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What Inflation? Here Are The Various Components Of The CPI Basket





Earlier today we pointed out a curious divergence: while owner equivalent rent, the measurement of imputed costs of renting, has risen to the highest since the Lehman failure, total non-shelter core CPI continues to decline. What is notable is that OER amounts to 23.9% of the CPI basket - as such it is the single largest determinant of inflation as measured by the BLS. And yet everything else, hedonically adjusted of course, keeps falling. By how much? And do you agree with the BLS' estimates of inflation? To answer these not so important questions, here is the full CPI basket, broken down by weighings, and by annual change.

 
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Is Food Inflation Coming Back?





We highlighted the CRB/BLS Spot Foodstuffs Index last week. It’s continuing to rise but still remains lower year-on-year at this point.  The question is whether this is the start of a broadly-based period of food price inflation?

 
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Peak Employment?





While the Federal Reserve's interventions continue to create a wealth effect for market participants, it is something only enjoyed primarily by those at the upper end of the pay scale.  For the rest of the country, the key issue is between the "have and have nots" - those that have a job and those that don't. While it is true that the country is creating jobs every month, the data may be suggesting it is "as good as it gets."  Of course, this is a very disappointing statement when you consider that roughly 1 in 3 people sit outside of the workforce, 20% of the population uses food stamps, and 100 million people access some form of welfare assistance.  The good news is, we aren't in a recession? Yet...

 
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Chart Of The Day - The Hiringless Recovery





Many have opined that while the unemployment rate may be 6.6%, down from a peak of 10% three and a half year ago, the so-called recovery sure doesn't feel like one: after all so many Americans are still struggling to find work and as so many complain, employers are simply not hiring. Well, as it turns out, all those complaining are absolutely correct....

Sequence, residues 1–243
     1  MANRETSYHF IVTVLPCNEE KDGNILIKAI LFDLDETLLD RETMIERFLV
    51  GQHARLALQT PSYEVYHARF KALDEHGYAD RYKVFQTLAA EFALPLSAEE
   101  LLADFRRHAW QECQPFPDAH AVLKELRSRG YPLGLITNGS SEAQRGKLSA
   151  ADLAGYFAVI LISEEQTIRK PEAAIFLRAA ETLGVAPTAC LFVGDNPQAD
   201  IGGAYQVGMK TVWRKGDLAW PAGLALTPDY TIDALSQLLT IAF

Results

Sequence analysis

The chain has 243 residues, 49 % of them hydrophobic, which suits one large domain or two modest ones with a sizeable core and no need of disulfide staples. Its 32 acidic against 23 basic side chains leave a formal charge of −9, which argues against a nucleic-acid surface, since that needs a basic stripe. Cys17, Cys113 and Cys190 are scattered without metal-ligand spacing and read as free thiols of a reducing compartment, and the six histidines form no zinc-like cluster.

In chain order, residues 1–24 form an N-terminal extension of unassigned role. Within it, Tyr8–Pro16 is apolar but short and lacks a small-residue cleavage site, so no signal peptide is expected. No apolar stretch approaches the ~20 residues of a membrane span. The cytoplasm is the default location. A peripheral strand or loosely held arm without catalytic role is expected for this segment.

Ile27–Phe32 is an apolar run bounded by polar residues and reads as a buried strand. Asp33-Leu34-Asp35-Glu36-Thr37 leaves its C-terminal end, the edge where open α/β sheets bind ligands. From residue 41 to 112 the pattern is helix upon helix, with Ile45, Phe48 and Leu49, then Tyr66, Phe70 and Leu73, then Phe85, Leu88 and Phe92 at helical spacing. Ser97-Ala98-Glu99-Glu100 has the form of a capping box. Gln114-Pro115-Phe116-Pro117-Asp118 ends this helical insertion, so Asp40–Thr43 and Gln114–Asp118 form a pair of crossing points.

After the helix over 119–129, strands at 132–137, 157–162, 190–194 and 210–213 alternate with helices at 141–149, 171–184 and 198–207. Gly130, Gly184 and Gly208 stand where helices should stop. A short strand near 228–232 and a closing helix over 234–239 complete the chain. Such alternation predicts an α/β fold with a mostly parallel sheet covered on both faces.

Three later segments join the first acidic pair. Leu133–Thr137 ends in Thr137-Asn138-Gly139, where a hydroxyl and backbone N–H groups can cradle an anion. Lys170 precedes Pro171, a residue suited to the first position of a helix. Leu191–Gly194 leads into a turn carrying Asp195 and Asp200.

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The US Macro Cycle (It's Not Different Or Sustainable This Time)





Last year we exposed the reasoning for the extremely predictable cyclicality in US macro-economic surprise data. Each year of the last few, the third quarter has exhibited unusual "strength" surprising 'economists' - thanks to government agencies executing their final budgets to use up all their allotments - only to stabilize in Q4 and the fade rapidly in Q1. 2013 was "different" as we had the government shutdown which threw the seasonal pattern off... but once the agencies were re-opened, the spice did flow and we got what is now clearly not a sustainable 'surprise' in growth but a lagged cyclical bounce. However, the lag introduced by the shutdown is now catching up to us - so it is different this time (2mo. lag) but the same...

 
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Post-Payrolls Euphoria Shifts To Modest Hangover





After Friday's surge fest on weaker than expected news - perhaps expecting a tapering of the taper despite everyone screaming from the rooftops the Fed will never adjust monetary policy based on snowfall levels - overnight the carry trade drifted lower and pulled the correlated US equity markets down with it. Why? Who knows - after Friday's choreographed performance it is once again clear there is no connection between newsflow, fundamentals and what various algos decide to do.  So (lack of) reasons aside, following a mainly positive close in Asia which was simply catching up to the US exuberance from Friday, European equities have followed suit and traded higher from the get-go with the consumer goods sector leading the way after being boosted by Nestle and L'Oreal shares who were seen higher after reports that Nestle is looking at ways to reduce its USD 30bln stake in L'Oreal. The tech sector is also seeing outperformance following reports that Nokia and HTC have signed a patent and technology pact; all patent litigation between companies is dismissed. Elsewhere, the utilities sector is being put under pressure after reports that UK Energy Secretary Ed Davey urged industry watchdog Ofgem to examine the profits being made by  the big six energy companies through supplying gas, saying that Centrica's British Gas arm is too profitable.